Senate Leaders are now considering a plan to leave renewable energy out of energy legislation. There are widespread reports that a decision has been made, at least provisionally, to move energy legislation to the Senate floor without either a renewable energy standard (RPS) or a tax title that extends the Production Tax Credit (PTC).
Please contact your Senators and ask them to urge Senate Majority Leader Harry Reid (D-Nevada) to keep the RPS and the PTC extension in the Energy bill. The Energy bill is expected to be voted on in the next few weeks.
Currently, the House Energy bill contains a 15% National RPS and a 4 â€“year extension of the PTC. The Senate Energy bill does not contain an RPS or a PTC extension. The House and Senate are trying to blend the two different Energy bills. Senate leadership is debating whether or not to include the RPS and PTC in the final Energy bill.
Please contact your Senators to ensure the RPS and the extension of the PTC remain in the Energy bill. Energy legislation without these provisions would be a tremendous lost opportunity for our industry and our country.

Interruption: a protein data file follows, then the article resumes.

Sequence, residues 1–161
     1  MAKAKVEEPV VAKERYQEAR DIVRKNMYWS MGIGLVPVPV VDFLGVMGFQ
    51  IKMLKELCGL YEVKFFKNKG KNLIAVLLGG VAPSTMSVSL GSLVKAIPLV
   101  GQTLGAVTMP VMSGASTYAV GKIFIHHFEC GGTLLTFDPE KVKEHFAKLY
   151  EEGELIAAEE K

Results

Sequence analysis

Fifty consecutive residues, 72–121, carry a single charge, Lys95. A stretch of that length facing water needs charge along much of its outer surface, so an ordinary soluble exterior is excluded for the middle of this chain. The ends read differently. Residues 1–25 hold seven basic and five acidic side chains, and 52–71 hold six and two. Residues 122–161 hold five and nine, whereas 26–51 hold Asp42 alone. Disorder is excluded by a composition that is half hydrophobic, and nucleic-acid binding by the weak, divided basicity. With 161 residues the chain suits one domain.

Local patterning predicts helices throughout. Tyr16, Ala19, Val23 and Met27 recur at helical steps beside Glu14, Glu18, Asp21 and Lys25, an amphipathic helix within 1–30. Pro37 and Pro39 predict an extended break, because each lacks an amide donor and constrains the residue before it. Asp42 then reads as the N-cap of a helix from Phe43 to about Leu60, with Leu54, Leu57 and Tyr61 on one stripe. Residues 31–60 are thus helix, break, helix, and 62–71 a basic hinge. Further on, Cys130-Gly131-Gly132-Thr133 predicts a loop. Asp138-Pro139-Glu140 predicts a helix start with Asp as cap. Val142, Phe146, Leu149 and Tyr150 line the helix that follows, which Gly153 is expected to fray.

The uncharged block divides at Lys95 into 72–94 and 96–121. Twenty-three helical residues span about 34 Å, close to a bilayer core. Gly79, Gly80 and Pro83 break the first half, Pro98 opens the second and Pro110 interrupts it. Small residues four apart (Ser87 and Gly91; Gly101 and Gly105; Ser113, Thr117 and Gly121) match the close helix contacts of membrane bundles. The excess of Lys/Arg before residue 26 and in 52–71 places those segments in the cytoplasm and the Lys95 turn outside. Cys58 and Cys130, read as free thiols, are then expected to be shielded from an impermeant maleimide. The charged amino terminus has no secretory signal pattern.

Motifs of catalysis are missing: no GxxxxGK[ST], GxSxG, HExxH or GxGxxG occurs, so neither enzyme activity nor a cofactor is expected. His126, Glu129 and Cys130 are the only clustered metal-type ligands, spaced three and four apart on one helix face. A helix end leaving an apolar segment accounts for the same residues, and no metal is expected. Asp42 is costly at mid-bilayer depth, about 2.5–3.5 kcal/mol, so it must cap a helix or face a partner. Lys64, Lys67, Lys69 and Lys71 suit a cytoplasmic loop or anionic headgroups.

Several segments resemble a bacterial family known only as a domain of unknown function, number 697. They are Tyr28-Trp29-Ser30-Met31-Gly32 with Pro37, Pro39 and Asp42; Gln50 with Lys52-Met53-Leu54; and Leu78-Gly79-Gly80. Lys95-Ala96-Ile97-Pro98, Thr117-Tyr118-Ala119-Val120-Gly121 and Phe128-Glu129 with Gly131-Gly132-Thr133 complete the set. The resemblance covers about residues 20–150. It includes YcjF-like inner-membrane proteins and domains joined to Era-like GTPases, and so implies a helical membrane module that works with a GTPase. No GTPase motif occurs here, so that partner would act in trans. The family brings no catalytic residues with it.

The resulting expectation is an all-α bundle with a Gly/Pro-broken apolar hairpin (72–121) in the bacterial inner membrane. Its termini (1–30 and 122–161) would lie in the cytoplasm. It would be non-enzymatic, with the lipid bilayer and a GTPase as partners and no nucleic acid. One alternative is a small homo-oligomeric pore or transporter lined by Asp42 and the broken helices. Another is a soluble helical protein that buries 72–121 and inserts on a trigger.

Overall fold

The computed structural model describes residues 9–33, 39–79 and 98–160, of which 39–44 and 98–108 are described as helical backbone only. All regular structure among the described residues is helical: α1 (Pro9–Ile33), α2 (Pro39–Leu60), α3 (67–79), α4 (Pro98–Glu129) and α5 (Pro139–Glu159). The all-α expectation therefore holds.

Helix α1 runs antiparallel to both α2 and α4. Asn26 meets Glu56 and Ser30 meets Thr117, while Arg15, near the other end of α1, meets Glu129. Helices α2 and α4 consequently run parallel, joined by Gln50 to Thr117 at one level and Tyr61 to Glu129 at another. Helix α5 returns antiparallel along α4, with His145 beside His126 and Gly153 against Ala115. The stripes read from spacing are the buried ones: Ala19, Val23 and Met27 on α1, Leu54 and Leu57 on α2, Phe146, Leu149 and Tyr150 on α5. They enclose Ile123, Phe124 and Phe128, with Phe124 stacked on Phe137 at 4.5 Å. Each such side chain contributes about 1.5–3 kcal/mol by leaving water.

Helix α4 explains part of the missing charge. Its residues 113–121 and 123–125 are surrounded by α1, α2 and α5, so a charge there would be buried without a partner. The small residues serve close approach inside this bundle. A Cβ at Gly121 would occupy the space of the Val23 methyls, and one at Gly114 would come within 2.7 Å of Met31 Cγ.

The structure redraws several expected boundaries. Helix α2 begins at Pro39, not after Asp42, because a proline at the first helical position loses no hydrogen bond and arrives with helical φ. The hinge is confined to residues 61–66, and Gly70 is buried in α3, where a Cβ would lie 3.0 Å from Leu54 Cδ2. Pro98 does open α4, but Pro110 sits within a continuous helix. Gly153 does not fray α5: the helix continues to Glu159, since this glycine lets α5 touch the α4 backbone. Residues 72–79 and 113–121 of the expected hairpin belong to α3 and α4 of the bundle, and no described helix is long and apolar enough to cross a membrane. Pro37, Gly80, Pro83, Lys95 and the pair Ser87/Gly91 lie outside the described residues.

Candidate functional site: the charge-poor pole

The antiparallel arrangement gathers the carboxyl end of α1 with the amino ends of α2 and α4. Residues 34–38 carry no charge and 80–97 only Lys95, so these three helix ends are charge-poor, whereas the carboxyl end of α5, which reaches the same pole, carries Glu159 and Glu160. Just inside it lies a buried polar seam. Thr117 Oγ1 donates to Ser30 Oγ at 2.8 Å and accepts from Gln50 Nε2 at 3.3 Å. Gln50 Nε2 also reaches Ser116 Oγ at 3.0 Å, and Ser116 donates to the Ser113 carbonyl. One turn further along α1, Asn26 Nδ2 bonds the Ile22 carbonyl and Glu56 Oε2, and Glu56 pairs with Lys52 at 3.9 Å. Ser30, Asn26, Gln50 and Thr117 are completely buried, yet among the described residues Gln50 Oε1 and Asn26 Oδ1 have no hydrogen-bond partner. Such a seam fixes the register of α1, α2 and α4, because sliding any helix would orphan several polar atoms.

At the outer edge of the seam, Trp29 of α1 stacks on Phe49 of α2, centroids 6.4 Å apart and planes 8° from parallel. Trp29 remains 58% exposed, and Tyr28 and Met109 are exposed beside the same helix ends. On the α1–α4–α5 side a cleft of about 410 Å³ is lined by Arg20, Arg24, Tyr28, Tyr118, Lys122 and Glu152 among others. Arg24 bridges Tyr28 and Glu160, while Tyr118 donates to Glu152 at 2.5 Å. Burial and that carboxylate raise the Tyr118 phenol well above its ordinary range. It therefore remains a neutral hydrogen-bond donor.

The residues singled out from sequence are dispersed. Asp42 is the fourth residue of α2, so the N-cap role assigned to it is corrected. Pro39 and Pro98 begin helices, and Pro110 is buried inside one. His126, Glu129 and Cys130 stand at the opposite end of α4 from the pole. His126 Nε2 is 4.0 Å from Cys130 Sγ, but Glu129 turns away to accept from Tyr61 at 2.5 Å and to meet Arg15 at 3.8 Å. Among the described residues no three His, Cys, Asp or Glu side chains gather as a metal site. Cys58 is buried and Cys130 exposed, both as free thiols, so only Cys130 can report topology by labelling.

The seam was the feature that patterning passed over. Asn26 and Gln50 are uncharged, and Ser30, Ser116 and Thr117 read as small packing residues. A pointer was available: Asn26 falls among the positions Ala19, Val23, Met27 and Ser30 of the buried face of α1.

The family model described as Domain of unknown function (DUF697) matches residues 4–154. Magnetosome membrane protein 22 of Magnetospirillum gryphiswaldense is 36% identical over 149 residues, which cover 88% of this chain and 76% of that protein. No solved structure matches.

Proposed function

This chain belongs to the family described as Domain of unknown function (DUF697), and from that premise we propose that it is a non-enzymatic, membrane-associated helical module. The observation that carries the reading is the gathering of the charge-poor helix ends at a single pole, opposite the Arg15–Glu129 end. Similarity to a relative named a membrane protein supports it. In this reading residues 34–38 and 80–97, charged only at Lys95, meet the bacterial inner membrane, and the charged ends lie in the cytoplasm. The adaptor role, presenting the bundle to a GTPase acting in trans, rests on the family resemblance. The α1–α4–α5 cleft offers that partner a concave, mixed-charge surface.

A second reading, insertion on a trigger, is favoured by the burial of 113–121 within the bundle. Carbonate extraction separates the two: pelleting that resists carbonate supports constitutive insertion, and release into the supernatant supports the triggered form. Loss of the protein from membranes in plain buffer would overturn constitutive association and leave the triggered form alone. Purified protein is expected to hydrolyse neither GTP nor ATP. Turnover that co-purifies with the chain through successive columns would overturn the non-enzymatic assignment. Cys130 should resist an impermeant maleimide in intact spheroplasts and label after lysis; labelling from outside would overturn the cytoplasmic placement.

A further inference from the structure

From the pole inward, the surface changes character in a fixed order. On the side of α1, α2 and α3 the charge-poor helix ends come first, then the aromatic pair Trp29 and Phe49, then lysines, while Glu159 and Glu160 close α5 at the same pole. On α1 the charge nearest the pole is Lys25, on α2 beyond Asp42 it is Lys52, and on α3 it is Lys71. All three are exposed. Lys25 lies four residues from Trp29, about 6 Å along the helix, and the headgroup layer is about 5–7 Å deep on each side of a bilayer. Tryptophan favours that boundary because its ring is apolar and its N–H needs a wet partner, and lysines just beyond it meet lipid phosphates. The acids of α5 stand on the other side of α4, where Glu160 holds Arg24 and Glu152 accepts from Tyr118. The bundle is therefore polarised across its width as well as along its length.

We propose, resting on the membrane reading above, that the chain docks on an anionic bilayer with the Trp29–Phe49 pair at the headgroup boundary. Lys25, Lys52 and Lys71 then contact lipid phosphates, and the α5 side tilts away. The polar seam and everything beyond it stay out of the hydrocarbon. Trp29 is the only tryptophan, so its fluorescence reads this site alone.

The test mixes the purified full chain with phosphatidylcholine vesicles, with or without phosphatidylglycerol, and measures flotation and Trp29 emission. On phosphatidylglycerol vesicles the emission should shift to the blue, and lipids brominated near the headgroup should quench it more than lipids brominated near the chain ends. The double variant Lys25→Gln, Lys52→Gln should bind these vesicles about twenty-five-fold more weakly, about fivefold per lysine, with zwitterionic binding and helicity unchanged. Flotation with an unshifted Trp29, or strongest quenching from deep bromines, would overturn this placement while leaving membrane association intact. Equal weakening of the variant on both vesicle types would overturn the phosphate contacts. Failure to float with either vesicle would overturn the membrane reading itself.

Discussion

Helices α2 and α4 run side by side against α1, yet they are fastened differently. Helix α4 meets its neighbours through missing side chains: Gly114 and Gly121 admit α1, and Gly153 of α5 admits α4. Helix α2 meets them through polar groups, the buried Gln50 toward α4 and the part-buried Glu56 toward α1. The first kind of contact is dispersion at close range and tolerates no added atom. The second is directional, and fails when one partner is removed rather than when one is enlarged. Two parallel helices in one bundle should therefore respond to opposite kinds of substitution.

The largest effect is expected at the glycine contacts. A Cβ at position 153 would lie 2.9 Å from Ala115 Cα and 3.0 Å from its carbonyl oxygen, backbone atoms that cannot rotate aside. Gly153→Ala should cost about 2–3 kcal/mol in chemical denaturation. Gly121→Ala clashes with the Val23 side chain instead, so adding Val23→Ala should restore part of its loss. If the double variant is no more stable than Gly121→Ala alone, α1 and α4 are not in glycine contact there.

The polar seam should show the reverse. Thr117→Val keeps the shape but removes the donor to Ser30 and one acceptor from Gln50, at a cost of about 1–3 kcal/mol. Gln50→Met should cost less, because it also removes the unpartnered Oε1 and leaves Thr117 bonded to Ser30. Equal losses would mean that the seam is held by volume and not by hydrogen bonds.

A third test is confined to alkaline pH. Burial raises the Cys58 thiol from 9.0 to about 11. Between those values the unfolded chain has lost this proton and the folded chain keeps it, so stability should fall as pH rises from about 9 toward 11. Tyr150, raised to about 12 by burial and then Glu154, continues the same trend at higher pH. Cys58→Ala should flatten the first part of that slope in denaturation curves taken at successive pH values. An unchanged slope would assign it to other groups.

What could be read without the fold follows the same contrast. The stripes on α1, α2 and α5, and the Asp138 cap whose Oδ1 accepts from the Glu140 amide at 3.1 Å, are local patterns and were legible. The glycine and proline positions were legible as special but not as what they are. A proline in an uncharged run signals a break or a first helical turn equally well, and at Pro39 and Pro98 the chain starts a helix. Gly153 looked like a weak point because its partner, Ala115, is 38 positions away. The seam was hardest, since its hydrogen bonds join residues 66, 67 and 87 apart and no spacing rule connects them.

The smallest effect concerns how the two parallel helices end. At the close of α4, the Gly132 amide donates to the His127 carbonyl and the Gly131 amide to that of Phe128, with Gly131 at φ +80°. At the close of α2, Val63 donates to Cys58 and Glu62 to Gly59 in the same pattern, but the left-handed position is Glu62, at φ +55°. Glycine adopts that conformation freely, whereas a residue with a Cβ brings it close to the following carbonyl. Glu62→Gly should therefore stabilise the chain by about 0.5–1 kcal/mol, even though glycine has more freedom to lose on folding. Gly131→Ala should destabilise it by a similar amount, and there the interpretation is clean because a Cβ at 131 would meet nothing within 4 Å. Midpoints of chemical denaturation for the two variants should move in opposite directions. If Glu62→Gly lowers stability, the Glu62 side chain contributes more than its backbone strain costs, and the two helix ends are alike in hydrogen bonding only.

Background on RPS.
An RPS is a flexible, market-driven policy that can ensure that the public benefits of renewable energy, such as wind, continue to be recognized as electricity markets become more competitive. The legislation would require utilities to generate or purchase 15% of electricity from renewable energy sources by the year 2020 and would allow up to 4% of the 15% requirement to be met through energy efficiency measures.
Background on PTC.
The PTC is an income tax credit of 2.0 cents per kilowatt hour of electricity produced from qualified wind energy facilities and other sources of renewable energy. The legislation would provide a 4-year extension of the PTC through December 31, 2012. The legislation maintains the inflation adjustment provision of existing law, but would cap the value of the PTC at the lesser of 2.0 cents per kilowatt-hour (plus inflation) or the equivalent of a 35 percent investment tax credit, based on project costs. The wind energy industry supports a full value, long-term PTC.